If you and your pooch are looking for a scenic, fun-filled outdoor getaway in Colorado’s vast Rio Grande National Forest, Lake Fork Campground might just be the paw-fect spot for you two to pitch your tent. Facilities at Lake Fork are on par with most US Forest Service campgrounds in the area, which is to say, rustic at best. There aren’t any shower stations, electricity, or RV hookups, though visitors can avail of the old-timey steel bath at nearby Brummels Mountain Lodge.
If you’re willing to sacrifice some creature comforts, though, you’re in for a treat! Sites at Lake Fork sit surrounded by mature pines and aspen with a fringe of willow and cottonwood, and the whole campground is perched right on the banks of the fast-flowing Conejo River. Think twice before you let your doggo go for a dip! In the early season, the forest floor is carpeted with colorful wildflowers, and you’re never far from some furrific outdoor recreation options. The Forest Service has designated Lake Fork as a light-usage campground, but it’s still best to book early, particularly if you’ll need to stay at one of Lake Fork’s accessible sites. There’s no fee to enter the area, and sites start at $18 a night.
As you might expect from a location in this part of Colorado, Lake Fork makes a grrr-eat basecamp for hound-dog hikers. If you’re looking for a short and sweet trek, consider the Lake Fork to Big Lake Trail, a three-mile out-and-back route that features some breathtaking scenery and should be suitable for all ages and abilities. Four-pawed fitness freaks looking for a challenge might enjoy the Conejo Peak trail, a seven-mile loop featuring inclines that vary from the steep to the truly punishing. You can actually access this hike from Big Lake if you take the Tobacco Trail!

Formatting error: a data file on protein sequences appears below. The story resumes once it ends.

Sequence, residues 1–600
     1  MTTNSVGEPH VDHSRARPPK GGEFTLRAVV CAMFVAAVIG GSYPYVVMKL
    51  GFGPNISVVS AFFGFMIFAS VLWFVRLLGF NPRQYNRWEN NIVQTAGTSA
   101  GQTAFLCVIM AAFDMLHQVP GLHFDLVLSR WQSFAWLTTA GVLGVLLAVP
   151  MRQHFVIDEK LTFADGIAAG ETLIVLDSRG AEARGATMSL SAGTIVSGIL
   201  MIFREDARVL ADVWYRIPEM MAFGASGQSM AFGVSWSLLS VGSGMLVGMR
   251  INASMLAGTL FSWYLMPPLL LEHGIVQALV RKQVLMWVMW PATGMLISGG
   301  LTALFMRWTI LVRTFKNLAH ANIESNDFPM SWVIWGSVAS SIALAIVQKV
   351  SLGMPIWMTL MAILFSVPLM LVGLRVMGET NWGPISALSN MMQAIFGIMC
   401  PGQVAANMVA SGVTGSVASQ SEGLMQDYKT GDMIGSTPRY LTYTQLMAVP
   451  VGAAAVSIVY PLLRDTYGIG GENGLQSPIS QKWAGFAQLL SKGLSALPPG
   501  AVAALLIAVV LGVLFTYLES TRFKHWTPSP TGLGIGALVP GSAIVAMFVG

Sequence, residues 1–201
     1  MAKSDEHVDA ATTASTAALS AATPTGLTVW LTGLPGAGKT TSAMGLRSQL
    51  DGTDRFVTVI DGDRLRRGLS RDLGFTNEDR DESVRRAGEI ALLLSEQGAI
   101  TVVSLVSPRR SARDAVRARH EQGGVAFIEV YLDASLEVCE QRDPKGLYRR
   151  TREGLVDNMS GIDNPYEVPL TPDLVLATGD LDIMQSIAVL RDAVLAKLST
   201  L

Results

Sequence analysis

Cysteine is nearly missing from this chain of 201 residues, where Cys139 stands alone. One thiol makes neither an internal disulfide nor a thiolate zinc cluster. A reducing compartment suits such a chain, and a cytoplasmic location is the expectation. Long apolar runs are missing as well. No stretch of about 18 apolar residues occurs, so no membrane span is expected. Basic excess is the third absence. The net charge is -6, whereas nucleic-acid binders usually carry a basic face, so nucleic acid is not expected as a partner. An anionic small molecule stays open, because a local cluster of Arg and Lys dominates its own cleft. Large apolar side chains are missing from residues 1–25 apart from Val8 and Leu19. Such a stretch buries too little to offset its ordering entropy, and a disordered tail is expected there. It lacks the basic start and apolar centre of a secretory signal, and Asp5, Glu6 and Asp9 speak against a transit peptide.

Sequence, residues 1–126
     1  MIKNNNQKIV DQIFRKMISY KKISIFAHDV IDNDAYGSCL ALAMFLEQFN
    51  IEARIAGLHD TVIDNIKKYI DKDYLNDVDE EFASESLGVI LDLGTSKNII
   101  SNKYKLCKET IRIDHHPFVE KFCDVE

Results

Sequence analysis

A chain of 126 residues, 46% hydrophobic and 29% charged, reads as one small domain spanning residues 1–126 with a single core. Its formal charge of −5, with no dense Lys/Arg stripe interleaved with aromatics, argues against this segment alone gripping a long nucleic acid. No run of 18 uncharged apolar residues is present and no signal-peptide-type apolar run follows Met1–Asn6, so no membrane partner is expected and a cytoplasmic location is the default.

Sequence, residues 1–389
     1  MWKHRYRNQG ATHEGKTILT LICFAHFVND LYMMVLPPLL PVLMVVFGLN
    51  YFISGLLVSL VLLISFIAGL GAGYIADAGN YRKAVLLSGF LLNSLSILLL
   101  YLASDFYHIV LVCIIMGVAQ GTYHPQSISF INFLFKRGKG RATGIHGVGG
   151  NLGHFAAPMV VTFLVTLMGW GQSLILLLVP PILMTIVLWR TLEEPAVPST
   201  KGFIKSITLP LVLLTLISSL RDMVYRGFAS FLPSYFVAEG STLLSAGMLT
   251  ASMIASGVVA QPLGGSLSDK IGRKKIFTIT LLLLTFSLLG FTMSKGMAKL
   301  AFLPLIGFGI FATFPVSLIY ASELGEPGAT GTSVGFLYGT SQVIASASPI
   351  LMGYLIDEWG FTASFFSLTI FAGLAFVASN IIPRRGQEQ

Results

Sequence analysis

Avid anglers shouldn’t feel left out -- the Conejo River is a Gold Medal River, famous for its trophy trout fishing. You can cook your catch on one of the grills provided with each site.
Wifi isn’t available at Lake Fork, and cellular service varies from network to network. Fires are permitted, but the Forest Service asks that you don’t move firewood -- it introduces invasive insects, and several campgrounds have shut down entirely due to a spruce beetle epidemic. Firewood, as well as drinking water, is available on-site. Remember to bring waste bags for your buddy, and have a pawesome time!